• 15. the market. These differences raise issues regarding the appropriateness of aggregating across NYSE and NASDAQ stocks. To mitigate such concerns, we construct several market liquidity and trading activity variables separately using NYSE and NASDAQ stocks. The results from these calculations are contained in Panel B. The average percentage quoted spread is 1.11% for NASDAQ stocks and only 0.40% for NYSE stocks. Similarly, the average percentage effective spread is 0.92% for NASDAQ and only 0.26% for NYSE. One should be cautious, however, about concluding that trading costs on the NYSE are lower than those of NASDAQ, because we do not control for stock characteristics that are related to trading costs. One of the reasons why the average spread is higher on the NASDAQ is that most of the NASDAQ stocks are those of small firms. As expected, we find that NYSE stocks have greater quoted depth. The average NYSE depth is 3,086 shares. This compares to 1,562 shares for stocks of all exchanges (Panel A). Small trades appear to be concentrated on NASDAQ issues. For example, each week there are on average 8.11 million small trades on the NASDAQ, but only 2.23 million small trades occur on the NYSE. Figure 1 plots our market-wide liquidity variables over the sample period. Panel A plots the absolute quoted spread, percentage quoted spread, absolute effective spread, and percentage effective spread. Not surprisingly, all four measures of bid-ask spreads move closely with each other. Furthermore, there is a downward trend in all four measures, indicating that bid-ask spreads generally decline over our sample period. Panel B in Figure 1 plots the quoted depth across all exchanges as well as separately for the NYSE. Consistent with existing evidence on decimalization (Bessembinder (2003)), we find that the quoted depth decreases substantially after decimalization in January 2001. In our 13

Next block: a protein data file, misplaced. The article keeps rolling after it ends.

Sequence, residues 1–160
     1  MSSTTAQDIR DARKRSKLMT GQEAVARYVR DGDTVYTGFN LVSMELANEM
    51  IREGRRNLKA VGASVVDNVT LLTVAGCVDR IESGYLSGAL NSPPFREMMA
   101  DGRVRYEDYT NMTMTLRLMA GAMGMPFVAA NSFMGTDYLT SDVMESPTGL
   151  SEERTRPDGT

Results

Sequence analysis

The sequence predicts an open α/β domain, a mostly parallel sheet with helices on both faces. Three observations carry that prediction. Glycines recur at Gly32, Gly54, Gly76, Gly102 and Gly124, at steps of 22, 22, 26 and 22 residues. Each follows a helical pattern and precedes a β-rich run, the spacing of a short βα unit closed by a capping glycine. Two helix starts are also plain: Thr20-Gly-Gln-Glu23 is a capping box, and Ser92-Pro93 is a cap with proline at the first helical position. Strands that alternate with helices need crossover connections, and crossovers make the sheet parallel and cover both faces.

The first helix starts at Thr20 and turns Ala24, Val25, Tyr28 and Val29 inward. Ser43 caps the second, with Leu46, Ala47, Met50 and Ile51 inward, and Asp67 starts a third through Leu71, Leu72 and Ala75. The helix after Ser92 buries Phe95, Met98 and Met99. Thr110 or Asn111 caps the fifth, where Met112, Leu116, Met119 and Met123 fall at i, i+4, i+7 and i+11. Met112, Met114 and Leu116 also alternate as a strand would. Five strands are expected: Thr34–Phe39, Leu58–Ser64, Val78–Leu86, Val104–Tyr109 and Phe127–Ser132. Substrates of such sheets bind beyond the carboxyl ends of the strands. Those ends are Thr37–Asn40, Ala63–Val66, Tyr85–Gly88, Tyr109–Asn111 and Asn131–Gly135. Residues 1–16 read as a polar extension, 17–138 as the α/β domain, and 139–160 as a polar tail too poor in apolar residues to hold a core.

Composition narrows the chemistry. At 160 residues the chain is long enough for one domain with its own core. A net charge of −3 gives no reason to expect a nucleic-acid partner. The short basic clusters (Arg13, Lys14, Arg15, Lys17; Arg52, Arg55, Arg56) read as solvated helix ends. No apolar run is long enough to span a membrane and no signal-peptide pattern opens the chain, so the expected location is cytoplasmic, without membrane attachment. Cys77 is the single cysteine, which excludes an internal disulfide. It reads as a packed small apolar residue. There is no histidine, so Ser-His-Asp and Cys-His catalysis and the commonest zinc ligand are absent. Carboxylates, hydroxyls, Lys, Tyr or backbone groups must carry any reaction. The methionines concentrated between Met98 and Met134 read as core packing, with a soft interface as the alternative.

• 16. subsequent analysis of the quoted depth, we remove the week that NYSE decimalization becomes effective as well as the following week from our sample period for two reasons. We eliminate the week of decimalization because decimalization represents a structural change rather than a response to market conditions or trading information. Our use of first differences in constructing measures of the dependent variable requires we also eliminate the week following decimalization. C. Correlations between Online Trading and Market Trading In Table 3 we present the results from a correlation analysis between our proxy for online trading and various measures of market trading activity. Because Fidelity and Schwab offer an extensive set of services other than stock trading, we include an additional variable, OL4, which measures aggregate Web traffic for the other four online brokers in our sample. We use both the share volume and the number of trades as our measures of market trading activity. In Panel A we observe that the correlation between Web traffic for the six brokers, OL, and that for the focused brokers, OL4, is 0.98. This high correlation suggests that Fidelity and Schwab’s diversified menu of financial products does not contaminate the use of their Web traffic when constructing our proxy for online trading. We find that for both OL and OL4, the correlations with our two measures of actual trading by small traders are significantly positive and in excess of 0.40. These results are consistent with our use of Web traffic as a proxy for online trading. Because we can not reject the existence of a unit root for OL, we examine in Panel B the correlations between weekly changes in Web traffic and corresponding changes in trading volume. We again note the high correlations (>0.60). This result suggests that the positive 14